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       project  -  project  data  along  a  line  or  great  circle, generate a profile track, or
       translate coordinates.


       project [ infile ] -Fflags -Ccx/cy [ -Aazimuth ] [ -Dd|g ]  [  -Ebx/by  ]  [  -Gdist  ]  [
       -H[nrec]  ]  [ -L[w][l_min/l_max] ] [ -M[flag] ] [ -N ] [ -Q ] [ -S ] [ -Tpx/py ] [ -V ] [
       -Ww_min/w_max ] [ -: ] [ -bi[s][n] ] [ -bo[s][n] ]


       project reads arbitrary (x, y[, z]) data from standard input [or infile ]  and  writes  to
       standard output any combination of (x, y, z, p, q, r, s), where (p, q) are the coordinates
       in the projection, (r, s) is the position in the (x, y) coordinate system of the point  on
       the  profile  (q  = 0 path) closest to (x, y), and z is all remaining columns in the input
       (beyond the required x and y columns).  Alternatively, project may be used to generate (r,
       s,  p)  triples  at  equal  increments dist along a profile. In this case ( -G option), no
       input is read.  Projections are defined in any (but only) one of three  ways:  (Definition
       1)  By a Center -C and an Azimuth -A in degrees clockwise from North.  (Definition 2) By a
       Center -C and end point E of the projection path -E.  (Definition 3) By a Center -C and  a
       roTation  pole  position  -T.   To  spherically project data along a great circle path, an
       oblique coordinate system is created which has its equator along that path, and  the  zero
       meridian  through  the  Center. Then the oblique longitude (p) corresponds to the distance
       from the Center along the great circle, and the oblique latitude (q)  corresponds  to  the
       distance  perpendicular  to  the  great  circle  path.  When  moving in the increasing (p)
       direction, (toward B or in the azimuth direction), the positive (q) direction is  to  your
       left.   If  a Pole has been specified, then the positive (q) direction is toward the pole.
       To specify an oblique projection, use the -T option to set the Pole. Then the  equator  of
       the  projection  is  already  determined  and  the  -C  option is used to locate the p = 0
       meridian. The Center cx/cy will be taken as a point through  which  the  p  =  0  meridian
       passes.  If you do not care to choose a particular point, use the South pole (ox = 0, oy =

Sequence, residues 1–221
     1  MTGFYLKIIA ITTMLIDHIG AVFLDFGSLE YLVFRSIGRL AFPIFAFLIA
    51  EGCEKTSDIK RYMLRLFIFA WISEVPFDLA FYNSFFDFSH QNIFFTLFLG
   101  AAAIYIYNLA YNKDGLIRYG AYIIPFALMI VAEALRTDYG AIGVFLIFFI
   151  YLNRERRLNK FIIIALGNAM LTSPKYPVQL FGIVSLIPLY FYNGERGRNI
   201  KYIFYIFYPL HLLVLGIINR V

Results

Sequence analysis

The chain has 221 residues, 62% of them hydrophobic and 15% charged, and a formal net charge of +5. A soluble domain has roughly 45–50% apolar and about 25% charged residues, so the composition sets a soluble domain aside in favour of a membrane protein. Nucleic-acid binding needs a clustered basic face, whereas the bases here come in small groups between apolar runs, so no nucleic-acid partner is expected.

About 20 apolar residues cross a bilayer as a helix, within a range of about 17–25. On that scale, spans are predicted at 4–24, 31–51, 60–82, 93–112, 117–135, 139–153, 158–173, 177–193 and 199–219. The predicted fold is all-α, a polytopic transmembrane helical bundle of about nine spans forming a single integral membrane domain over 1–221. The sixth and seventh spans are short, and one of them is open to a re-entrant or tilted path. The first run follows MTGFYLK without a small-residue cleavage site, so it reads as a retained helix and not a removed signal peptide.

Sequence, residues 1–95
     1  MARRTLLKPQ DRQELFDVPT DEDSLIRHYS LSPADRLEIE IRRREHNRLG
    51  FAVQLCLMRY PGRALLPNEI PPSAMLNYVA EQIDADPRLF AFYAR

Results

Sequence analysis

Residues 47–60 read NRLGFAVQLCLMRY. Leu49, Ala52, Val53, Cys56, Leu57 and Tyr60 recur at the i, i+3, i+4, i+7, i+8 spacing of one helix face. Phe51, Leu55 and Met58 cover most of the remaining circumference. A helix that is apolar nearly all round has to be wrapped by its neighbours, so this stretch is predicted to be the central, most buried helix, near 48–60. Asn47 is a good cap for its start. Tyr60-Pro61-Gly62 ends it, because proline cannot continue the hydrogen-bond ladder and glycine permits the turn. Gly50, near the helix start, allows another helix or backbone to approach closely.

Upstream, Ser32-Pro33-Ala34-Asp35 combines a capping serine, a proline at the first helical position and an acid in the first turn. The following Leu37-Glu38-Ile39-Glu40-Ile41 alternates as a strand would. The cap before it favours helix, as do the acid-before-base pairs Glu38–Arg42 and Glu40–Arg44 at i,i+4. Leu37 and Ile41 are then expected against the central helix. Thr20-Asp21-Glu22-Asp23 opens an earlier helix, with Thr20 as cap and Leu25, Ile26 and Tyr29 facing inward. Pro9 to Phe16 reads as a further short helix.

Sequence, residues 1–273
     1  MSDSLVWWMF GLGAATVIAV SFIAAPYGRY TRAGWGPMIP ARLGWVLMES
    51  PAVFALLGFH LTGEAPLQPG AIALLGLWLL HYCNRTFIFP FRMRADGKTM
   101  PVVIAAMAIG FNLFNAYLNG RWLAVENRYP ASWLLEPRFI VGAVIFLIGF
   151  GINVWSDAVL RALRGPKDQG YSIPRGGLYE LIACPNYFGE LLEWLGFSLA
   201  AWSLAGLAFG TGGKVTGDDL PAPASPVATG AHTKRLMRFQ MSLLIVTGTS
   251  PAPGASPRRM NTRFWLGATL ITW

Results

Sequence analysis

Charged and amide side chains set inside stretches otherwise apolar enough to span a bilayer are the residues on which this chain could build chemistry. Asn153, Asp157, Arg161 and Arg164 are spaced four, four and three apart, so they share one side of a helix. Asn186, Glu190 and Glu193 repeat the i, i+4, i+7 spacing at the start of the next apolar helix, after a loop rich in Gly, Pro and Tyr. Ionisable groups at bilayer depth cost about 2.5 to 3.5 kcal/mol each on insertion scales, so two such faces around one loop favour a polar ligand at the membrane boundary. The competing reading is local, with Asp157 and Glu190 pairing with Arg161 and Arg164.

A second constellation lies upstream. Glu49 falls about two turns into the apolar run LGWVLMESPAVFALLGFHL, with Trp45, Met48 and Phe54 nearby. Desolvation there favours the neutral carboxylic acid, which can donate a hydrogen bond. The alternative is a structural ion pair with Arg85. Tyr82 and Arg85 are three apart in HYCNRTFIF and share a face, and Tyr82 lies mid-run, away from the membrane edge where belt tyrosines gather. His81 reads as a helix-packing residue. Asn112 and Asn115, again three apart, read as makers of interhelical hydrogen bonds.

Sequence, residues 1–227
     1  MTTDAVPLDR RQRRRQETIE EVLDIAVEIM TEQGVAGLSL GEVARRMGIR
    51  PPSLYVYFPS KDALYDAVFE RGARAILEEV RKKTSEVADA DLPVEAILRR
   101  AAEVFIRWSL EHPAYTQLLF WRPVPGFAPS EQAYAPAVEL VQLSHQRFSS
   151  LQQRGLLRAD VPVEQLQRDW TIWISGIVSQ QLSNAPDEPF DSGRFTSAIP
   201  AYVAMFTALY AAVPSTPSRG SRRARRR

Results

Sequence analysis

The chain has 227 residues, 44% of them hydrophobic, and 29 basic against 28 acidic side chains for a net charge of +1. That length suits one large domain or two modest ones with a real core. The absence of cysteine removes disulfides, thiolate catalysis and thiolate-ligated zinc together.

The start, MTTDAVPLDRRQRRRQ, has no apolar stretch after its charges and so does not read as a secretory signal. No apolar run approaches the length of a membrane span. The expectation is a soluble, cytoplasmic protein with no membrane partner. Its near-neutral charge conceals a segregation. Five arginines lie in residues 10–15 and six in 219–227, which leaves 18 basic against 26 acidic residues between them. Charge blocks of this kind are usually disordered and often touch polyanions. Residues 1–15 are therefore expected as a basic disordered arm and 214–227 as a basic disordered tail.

-90).  Data can be selectively windowed by using the -L and -W options. If -W is used, the
       projection  Width is set to use only points with w_min < q < w_max. If -L is set, then the
       Length is set to use only those points with l_min < p < l_max. If the -E option  has  been
       used  to  define  the  projection,  then  -Lw  may be selected to window the length of the
       projection  to  exactly  the  span  from  O  to  B.   Flat  earth  (cartesian)  coordinate
       transformations can also be made. Set -N and remember that azimuth is clockwise from North
       (the y axis), NOT the usual cartesian theta, which is counterclockwise from  the  x  axis.
       azimuth  =  90 - theta.  No assumptions are made regarding the units for x, y, r, s, p, q,
       dist, l_min, l_max, w_min, w_max.  If -Q is selected, map units are assumed and x, y, r, s
       must  be  in degrees and p, q, dist, l_min, l_max, w_min, w_max will be in km.  project is
       CASE SENSITIVE. Use UPPER  CASE  for  all  one-letter  designators  which  begin  optional
       arguments. Use lower case for the xyzpqrs letters in -flags.

       -C     cx/cy  sets  the origin of the projection, in Definition 1 or 2. If Definition 3 is
              used (-T), then cx/cy are the coordinates of a point through which the oblique zero
              meridian (p = 0) should pass.


       infile name of ASCII (or binary, see -bi) file(s) with 2 or more columns holding (x,y,[z])
              data values.  If no filenames are given, project will read from standard input.  If
              the -G option is selected, no input data are read.

       -F     Specify  your desired output using any combination of xyzpqrs, in any order. Do not
              space between the letters. Use lower case. The output will  be  ASCII  (or  binary)
              columns  of  values  corresponding  to  xyzpqrs. If both input and output are using
              ASCII format then the z data are treated as textstring(s).  If  the  -G  option  is
              selected, the output will be rsp.

       -A     azimuth defines the azimuth of the projection (Definition 1).

       -D     Set  the  location of the Discontinuity in longitude (r coordinate). -Dd will place
              the discontinuity at the Dateline,  (-180  <  r  <  180);  -Dg  will  place  it  at
              Greenwich, (0 < r < 360).  Default usually falls at dateline due to atan2 calls.